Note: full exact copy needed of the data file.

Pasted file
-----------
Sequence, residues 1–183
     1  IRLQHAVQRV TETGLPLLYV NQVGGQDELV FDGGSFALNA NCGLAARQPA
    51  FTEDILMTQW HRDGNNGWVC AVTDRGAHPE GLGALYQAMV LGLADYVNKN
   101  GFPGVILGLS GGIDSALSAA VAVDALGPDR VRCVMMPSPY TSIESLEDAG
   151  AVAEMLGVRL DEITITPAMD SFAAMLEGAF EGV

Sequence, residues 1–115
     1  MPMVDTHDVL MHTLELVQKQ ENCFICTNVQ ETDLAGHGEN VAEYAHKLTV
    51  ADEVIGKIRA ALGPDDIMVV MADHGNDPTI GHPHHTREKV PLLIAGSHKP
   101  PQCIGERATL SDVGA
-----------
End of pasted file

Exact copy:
Sequence, residues 1–183
     1  IRLQHAVQRV TETGLPLLYV NQVGGQDELV FDGGSFALNA NCGLAARQPA
    51  FTEDILMTQW HRDGNNGWVC AVTDRGAHPE GLGALYQAMV LGLADYVNKN
   101  GFPGVILGLS GGIDSALSAA VAVDALGPDR VRCVMMPSPY TSIESLEDAG
   151  AVAEMLGVRL DEITITPAMD SFAAMLEGAF EGV

Sequence, residues 1–115
     1  MPMVDTHDVL MHTLELVQKQ ENCFICTNVQ ETDLAGHGEN VAEYAHKLTV
    51  ADEVIGKIRA ALGPDDIMVV MADHGNDPTI GHPHHTREKV PLLIAGSHKP
   101  PQCIGERATL SDVGA